How and Why to Access Your Medical Records
You are legally entitled to these records, so ask for them
You're at a doctor’s appointment and the doc is scribbling notes or typing them into the computer after he examines you. We've all wondered: What is he writing about me and my health?
These days, it should no longer be a mystery. Empowered, educated patients know they have a right to access to their full medical records. If you haven’t requested yours yet, here's information on how to do it — and why having your records is valuable and perhaps even life saving.
Rights to medical records
The privacy rule of the 1996 Health Insurance Portability and Accountability Act, better known as HIPAA, gives you the right to access your medical records. You can inspect, review and get a copy of them, along with any billing records held by health plans and health care providers that are covered by this rule. There are just a few exceptions. Psychotherapy notes, for instance, are kept separate from medical records and you don’t have a right to access them.
You can request an electronic copy, and the provider is required to provide it if it’s “readily producible.” Paper copies are another option. A provider can charge reasonable fees (including supplies and labor) for copying your files, but not for searching for and retrieving the records. HIPAA requires providers to supply copies of medical records within 30 days of your request or give you a reason for the delay. In some states, the time frame is even briefer. In California, for instance, providers must provide copies within 15 days.
Whom to ask
Start by asking your health care provider or your health insurance company, though you may eventually need to go further to capture everything. You'll want to make the request in writing, so find out exactly where to send it.
In 2014, a program called the Blue Button Initiative was launched to help everyone access their medical records. It's a partnership between the health care industry and the U.S. government. Its website helps people start looking for their health information online. It “takes you to the doorstep of the organization(s) (such as hospitals, labs, pharmacies, or health information exchanges) that have your health information online so you can log-in to get your electronic health information.”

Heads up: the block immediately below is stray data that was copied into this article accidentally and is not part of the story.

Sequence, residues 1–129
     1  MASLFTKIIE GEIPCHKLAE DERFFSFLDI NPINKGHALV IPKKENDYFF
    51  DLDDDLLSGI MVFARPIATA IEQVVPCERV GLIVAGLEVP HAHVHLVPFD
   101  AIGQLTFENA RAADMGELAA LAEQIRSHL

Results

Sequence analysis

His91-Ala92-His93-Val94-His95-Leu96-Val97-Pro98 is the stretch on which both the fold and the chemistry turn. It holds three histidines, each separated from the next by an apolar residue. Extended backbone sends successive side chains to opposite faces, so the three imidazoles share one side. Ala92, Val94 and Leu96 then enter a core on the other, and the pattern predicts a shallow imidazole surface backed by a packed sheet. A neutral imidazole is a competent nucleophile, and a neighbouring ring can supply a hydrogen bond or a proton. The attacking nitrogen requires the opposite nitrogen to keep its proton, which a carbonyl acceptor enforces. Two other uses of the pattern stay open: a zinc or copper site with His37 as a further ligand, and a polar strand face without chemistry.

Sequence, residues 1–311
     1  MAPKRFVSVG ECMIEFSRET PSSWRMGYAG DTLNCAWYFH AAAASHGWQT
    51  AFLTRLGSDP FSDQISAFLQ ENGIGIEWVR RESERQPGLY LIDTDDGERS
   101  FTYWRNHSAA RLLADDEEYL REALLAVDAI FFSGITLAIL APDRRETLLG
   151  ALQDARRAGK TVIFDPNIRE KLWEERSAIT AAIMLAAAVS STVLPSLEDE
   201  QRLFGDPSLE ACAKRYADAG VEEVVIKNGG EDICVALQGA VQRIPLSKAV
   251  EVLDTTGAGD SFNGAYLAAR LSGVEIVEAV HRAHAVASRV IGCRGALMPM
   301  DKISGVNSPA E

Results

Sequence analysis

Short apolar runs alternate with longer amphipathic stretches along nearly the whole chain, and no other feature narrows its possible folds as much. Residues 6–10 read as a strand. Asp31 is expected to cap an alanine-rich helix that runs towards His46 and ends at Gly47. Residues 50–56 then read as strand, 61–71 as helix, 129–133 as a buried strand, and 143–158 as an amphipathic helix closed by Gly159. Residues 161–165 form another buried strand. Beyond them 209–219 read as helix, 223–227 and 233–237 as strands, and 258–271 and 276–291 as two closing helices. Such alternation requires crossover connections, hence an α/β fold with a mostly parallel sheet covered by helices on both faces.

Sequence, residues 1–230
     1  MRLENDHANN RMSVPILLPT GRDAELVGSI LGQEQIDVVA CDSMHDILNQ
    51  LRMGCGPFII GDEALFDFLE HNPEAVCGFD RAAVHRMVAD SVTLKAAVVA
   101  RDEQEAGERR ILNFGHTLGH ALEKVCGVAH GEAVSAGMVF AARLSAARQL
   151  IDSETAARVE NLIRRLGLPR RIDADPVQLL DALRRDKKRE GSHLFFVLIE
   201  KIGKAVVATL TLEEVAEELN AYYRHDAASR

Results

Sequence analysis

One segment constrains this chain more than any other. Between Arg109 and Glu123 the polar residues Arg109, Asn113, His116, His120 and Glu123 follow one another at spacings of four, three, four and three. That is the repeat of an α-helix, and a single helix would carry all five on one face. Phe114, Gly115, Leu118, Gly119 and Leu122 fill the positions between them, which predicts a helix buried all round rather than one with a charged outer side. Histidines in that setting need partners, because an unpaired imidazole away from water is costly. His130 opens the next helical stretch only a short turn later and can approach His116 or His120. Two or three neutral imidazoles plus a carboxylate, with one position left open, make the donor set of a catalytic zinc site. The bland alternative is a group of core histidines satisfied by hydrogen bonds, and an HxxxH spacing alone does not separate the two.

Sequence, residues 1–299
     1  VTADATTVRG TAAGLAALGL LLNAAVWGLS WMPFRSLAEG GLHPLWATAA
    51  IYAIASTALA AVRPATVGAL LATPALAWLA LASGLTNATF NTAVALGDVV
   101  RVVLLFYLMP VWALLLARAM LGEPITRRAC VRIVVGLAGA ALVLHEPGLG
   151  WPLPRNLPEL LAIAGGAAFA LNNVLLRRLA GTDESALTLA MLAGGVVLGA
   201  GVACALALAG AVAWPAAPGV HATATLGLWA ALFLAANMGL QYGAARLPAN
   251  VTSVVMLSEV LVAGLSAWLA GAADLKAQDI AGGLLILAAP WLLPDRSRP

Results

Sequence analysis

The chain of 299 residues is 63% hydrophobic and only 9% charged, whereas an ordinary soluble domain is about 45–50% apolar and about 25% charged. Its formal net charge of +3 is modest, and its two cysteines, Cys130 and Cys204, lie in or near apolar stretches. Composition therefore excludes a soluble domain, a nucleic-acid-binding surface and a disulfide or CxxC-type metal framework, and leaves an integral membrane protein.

Unfortunately, many hospitals and health care systems are still in the process of moving to electronic health records, or EHRs. In February, the Obama administration released details of a new pact with major hospital systems and vendors of EHRs with a goal of making information more accessible to patients and easier to understand. In the pact, the parties also agree not to "block" medical information, so that health providers can share patient records with other providers as well as the patients.
Making the request
Include your name, address, phone number, date of birth, email address and your medical record number or other identifying information from your health insurance card. You may be asked to give your social security number. Most providers will ask you to complete a release or authorization form.
In your request, specify:
- Whether you need originals, copies or both.
- Whether you need the entire file or only a specific time period or information on specific conditions.
- If you want certain tests or routine screenings omitted.
You can be charged for copies, so keep in mind those charges will add up if you ask for every piece of information dating back many years.
Benefits of having your records
Reviewing your medical records and keeping them handy can help in a number of ways. Some doctors find that patients who have their records and read them are better about taking prescribed medication or following other parts of a treatment plan, perhaps because they grasp the need for it.
If you change doctors or have to go to a specialist outside your health plan or network, you have pertinent information readily available that could be valuable. For example, knowing what tests and procedures you have had recently may help you avoid unnecessary duplicates with a new provider.
If you notice mistakes on your record, such as medications you no longer take or other bits of information that aren't true, you have the right to have them corrected.
If you're still not convinced you need your medical records, read stories from patients who are glad they got them. You may be surprised at why.
Like this article? Share it with friends by clicking the Facebook or Twitter button below. And don't forget to visit our Facebook page!